The word ‘solution’ is too absolute, as in solving clearly defined mathematical problems.
--Johan Galtung (2004, p. 15)
We make bets. We buy a gun and we bet it's going to keep us safe. That may comfort someone right up to the moment it fails. Or we learn de-escalation skills and place our wager on our ability to talk down a person who is threatening us or others. Some rely on the police or lawyers to resolve tough conflicts. Some might choose mediation. Each of us has a style of conflict management that tends to become more informed and more effective as we practice it, but none of us achieve perfection or a 100 percent success rate, especially when we look at outcomes over a period of post-'resolution' time. Each situation is unique and we cannot know a perfect prediction method.
In some ways, then, it comes down to learning about odds and investing in what seems logical. Is my method generally successful or usually fraught with disastrous outcomes? Will I lose everything by relying on one method and ignoring all aspects of other approaches? Is my time well spent learning how to manage conflict instead of just trying to get ahead or instead of relaxing and enjoying life?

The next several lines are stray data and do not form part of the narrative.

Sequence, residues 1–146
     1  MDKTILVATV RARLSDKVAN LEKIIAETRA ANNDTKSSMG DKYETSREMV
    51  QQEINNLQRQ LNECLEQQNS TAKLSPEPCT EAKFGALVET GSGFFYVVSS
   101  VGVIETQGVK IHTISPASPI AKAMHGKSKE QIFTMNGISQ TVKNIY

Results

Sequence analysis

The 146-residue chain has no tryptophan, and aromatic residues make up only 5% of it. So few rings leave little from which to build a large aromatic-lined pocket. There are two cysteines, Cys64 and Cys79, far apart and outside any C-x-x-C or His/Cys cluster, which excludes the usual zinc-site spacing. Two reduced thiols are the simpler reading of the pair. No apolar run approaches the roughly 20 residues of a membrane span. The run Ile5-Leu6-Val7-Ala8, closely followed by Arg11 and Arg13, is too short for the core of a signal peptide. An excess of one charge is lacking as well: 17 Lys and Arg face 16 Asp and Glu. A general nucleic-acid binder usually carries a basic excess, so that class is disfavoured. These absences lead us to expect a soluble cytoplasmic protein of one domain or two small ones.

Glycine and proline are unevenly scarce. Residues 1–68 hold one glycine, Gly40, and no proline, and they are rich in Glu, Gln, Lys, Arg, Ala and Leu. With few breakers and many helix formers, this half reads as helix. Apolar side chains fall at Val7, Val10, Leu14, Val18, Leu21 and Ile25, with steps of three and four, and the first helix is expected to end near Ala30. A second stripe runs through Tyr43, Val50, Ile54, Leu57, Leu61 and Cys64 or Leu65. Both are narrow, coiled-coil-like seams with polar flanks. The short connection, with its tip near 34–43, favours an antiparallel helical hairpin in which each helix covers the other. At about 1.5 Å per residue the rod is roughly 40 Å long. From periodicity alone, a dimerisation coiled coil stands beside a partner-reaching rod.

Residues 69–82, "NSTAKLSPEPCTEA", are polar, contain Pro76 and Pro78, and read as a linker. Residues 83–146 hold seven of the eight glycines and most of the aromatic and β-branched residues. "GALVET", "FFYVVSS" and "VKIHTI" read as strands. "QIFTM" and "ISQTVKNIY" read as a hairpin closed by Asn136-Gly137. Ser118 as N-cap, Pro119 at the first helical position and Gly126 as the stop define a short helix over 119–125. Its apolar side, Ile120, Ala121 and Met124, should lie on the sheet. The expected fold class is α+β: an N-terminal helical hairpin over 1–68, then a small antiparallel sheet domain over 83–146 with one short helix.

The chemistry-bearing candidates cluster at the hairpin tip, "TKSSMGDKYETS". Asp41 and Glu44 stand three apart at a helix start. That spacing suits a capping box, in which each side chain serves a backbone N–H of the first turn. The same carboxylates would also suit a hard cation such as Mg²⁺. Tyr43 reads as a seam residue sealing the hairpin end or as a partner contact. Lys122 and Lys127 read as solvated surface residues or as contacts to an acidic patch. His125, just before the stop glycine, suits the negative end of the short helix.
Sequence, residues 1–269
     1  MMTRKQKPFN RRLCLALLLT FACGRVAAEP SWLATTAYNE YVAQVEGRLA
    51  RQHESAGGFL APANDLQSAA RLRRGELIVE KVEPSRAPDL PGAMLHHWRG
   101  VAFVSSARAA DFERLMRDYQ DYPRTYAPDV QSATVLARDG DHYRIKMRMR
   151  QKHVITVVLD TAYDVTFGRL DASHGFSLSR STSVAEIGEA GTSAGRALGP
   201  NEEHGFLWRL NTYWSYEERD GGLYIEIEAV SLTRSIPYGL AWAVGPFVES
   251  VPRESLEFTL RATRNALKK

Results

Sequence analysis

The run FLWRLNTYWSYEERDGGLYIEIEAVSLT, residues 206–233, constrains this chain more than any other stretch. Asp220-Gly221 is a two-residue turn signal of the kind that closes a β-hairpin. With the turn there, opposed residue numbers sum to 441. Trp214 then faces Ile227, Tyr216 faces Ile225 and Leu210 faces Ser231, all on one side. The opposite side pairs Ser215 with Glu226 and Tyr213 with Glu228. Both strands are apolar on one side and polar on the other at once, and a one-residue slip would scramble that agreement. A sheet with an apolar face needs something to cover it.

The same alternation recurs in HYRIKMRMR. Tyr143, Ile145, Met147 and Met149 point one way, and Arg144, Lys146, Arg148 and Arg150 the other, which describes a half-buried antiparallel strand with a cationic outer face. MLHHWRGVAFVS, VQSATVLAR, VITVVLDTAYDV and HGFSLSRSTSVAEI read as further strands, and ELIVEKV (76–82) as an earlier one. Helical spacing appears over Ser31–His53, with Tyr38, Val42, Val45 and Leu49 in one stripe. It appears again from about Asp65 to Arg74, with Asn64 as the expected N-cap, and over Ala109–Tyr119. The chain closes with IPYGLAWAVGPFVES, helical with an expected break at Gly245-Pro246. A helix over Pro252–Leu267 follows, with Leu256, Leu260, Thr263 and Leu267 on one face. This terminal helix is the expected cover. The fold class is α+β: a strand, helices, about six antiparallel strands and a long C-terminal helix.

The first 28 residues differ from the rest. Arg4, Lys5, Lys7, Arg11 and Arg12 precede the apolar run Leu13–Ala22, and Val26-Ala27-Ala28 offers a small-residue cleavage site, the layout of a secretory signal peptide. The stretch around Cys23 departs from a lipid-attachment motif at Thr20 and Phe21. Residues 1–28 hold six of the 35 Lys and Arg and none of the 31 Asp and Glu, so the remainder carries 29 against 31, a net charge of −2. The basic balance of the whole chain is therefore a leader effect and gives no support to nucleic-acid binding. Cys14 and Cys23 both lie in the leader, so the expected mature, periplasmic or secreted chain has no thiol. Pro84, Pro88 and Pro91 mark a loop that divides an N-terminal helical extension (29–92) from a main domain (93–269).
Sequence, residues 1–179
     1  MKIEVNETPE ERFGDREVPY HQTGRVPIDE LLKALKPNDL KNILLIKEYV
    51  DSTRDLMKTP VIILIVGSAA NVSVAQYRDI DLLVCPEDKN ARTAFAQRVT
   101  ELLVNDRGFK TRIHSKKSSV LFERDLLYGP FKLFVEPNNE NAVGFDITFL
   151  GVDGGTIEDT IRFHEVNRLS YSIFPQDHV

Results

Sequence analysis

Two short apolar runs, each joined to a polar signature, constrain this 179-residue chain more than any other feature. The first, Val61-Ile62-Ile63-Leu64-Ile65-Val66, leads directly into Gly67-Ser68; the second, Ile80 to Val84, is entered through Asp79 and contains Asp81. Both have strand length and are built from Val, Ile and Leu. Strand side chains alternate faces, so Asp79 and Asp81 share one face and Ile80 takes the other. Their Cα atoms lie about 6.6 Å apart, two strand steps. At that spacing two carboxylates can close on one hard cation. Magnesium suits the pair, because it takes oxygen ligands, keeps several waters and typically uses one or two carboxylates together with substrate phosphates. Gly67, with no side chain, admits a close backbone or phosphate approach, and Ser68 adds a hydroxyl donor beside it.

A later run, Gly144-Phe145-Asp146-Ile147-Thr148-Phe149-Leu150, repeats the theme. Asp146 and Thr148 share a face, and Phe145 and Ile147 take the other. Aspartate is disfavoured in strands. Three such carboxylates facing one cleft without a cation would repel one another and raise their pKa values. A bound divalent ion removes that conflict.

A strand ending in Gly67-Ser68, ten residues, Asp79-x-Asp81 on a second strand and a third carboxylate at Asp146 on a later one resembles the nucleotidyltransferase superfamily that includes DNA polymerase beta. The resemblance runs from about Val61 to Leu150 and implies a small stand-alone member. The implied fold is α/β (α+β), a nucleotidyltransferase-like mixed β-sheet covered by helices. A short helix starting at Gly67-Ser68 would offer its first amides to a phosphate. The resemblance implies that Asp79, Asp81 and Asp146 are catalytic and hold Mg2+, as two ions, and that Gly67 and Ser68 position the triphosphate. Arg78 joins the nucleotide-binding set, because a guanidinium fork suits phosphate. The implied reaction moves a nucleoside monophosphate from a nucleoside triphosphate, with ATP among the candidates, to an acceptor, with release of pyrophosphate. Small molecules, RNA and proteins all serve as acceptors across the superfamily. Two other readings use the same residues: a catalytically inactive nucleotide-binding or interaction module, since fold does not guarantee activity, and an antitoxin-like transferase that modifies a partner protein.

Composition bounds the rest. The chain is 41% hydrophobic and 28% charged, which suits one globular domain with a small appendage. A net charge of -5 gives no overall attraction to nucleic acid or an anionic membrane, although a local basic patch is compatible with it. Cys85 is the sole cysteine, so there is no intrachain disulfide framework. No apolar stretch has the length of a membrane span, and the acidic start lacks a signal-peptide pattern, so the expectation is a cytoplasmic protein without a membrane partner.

These are questions for everyone, every organization, every family, every community, and every nation. I'm betting on nonviolence and the research shows that is the most effective most often over a period of time. Clearly that research isn't sufficient, nor dispositive, but it is helpful. We need to look at interpersonal methods, at methods used in communities, and at methods of civil society in its frequent conflict with its own government.
Galtung is correct; we cannot achieve permanent perfect resolution. We can transform destructive conflict into a creative constructive conflict with enough competent upkeeping. Conflict is forever; only the methods by which we manage it are up for review and revision.
Galtung, J. (2004). Transcend and transform: An introduction to conflict work. Boulder, CO: Paradigm.